My husband recently had a letter to the editor published in the National Post in their special section, “What do you want for Christmas?” He wrote: “Pure capitalism everywhere in the world. Failing that, lots of powder snow where I will be skiing.” Luckily, he got his second wish, but unfortunately, there is no pure capitalism anywhere, nor are we headed towards it. Yet, pure capitalism is on my wish list, too, because I want peace, prosperity, and human flourishing around the world.

            Pure capitalism, as defined by Ayn Rand in her essay “Capitalism, The Unknown Ideal,” is a social system based on the recognition of individual rights, including property rights, in which all property is privately owned. This is a social system of peace, because government has only a limited role as the protector of its citizens’ individual rights against those who initiate physical force: common criminals, foreign invaders, and fraudsters. In pure capitalism, government uses force solely in retaliation, authorized by the Constitution. Government under capitalism does not initiate force against its own citizens or against foreign countries. The closest the world ever came to capitalism—although it wasn’t pure—was the 19th century, particularly in America where individual rights were protected. That was also one of the most peaceful periods in human history.

            Pure capitalism is also a system of prosperity: the private ownership of property and the protection of property rights provide a tremendous incentive for wealth creation. The 19th century America experienced a long boom of wealth creation, facilitated by several significant innovations spurred by capitalist competition: the steam engine, the automobile, electricity and incandescent light, telegraph and telephone, among others.

            The wealth generated during the era of relative freedom increased everybody’s prosperity: mass production of goods—possible due to all the innovations—made them affordable to a large number of people, reduced the hours people needed to work, and created jobs that paid much better than the agricultural labor prior to the Industrial Revolution. The wealth creation made possible by capitalism not only boosted people’s standard of living, it also increased their overall well-being. Medical discoveries funded by the newly created wealth led to the prevention of many infectious diseases, improving people’s health and longevity. Increased productivity meant more time for education and leisure, and more enjoyment of life overall.

            But after the 19th century, capitalism has not fared so well. Despite of continuing wealth creation and innovation, individual rights have been increasingly eroded by the expanding government, fueled by the philosophy of altruism—the idea that we are our brother’s keeper—and of distributive justice. Government regulation has hindered wealth creation and innovation, and its forced “redistribution” of wealth from those who produce it to those who do not has had a similar impact. The most regulated industries, such as health care and financial services, are held back the most in terms of innovation (imagine how advanced we would be in terms of medical innovation and low cost of health care without regulated, socialized medicine), or experience government-induced dysfunction such as the 2008 financial crisis. Contrast the stultified progress and dysfunction in these industries to the rate of innovation and wealth creation in the least regulated industries, such as computers and consumer electronics. But the trend toward increasing government violation of property and other individual rights is continuing—more regulation, more cronyism, more income “redistribution,” less freedom—limiting our ability to live our lives and to flourish.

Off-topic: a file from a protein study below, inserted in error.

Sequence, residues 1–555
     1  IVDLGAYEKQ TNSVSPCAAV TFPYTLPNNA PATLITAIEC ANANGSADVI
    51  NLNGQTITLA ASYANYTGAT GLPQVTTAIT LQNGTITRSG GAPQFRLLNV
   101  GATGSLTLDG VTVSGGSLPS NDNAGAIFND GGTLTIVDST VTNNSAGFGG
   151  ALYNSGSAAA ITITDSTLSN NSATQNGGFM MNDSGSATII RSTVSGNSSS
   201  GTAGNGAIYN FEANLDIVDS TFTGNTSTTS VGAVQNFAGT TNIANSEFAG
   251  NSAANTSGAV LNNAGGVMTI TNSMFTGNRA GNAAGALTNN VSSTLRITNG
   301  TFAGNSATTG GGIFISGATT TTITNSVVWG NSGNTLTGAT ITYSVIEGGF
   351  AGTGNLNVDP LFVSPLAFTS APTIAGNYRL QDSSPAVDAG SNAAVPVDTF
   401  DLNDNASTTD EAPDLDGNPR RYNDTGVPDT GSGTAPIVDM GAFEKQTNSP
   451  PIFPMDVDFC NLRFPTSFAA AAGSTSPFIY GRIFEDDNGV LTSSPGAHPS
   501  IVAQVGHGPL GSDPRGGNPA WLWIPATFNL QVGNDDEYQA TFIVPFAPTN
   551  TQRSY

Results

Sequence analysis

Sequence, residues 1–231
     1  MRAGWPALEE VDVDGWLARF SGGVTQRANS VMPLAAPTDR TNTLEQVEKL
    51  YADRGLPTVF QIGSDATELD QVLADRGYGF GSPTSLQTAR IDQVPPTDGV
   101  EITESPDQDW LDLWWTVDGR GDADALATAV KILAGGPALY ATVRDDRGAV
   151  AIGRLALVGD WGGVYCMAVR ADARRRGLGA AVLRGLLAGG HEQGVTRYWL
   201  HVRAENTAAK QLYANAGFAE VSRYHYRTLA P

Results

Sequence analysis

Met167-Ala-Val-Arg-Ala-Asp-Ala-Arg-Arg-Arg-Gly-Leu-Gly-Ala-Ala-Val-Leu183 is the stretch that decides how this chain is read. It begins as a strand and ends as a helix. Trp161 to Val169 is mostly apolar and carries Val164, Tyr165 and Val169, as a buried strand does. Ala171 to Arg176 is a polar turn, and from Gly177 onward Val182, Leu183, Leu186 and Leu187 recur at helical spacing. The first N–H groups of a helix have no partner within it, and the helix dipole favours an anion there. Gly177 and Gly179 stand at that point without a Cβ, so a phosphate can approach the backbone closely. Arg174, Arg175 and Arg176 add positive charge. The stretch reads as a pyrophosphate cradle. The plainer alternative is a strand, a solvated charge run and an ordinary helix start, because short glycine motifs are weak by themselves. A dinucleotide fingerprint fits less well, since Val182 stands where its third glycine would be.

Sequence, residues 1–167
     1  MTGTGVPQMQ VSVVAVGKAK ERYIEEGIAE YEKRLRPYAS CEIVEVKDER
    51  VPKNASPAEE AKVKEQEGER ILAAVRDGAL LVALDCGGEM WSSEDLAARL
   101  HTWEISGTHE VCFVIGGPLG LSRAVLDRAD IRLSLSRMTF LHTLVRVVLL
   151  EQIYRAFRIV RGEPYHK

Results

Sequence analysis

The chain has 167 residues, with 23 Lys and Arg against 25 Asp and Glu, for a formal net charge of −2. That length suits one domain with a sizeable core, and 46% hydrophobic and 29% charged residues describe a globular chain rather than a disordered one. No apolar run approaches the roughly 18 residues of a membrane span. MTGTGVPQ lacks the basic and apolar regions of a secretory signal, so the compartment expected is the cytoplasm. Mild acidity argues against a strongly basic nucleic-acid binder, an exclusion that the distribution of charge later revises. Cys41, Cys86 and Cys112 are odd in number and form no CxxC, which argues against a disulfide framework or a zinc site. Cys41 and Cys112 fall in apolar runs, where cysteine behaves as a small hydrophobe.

To turn around the development of the ever-growing government that violates our rights, we need to reject the philosophy altruism that enables it and to embrace pure capitalism—for more peace, prosperity, and well-being. To get my new year’s wish, however, people need to learn about the destructiveness of altruism and the virtues of capitalism. Please spread the word!   

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Jaana Woiceshyn teaches business ethics and competitive strategy at the Haskayne School of Business, University of Calgary, Canada. She has lectured and conducted seminars on business ethics to undergraduate, MBA and Executive MBA students, and to various corporate audiences for over 20 years both in Canada and abroad. Before earning her Ph.D. from the Wharton School of Business, University of Pennsylvania, she helped turn around a small business in Finland and worked for a consulting firm in Canada. Jaana’s research on technological change and innovation, value creation by business, executive decision-making, and business ethics has been published in various academic and professional journals and books. “How to Be Profitable and Moral” is her first solo-authored book.


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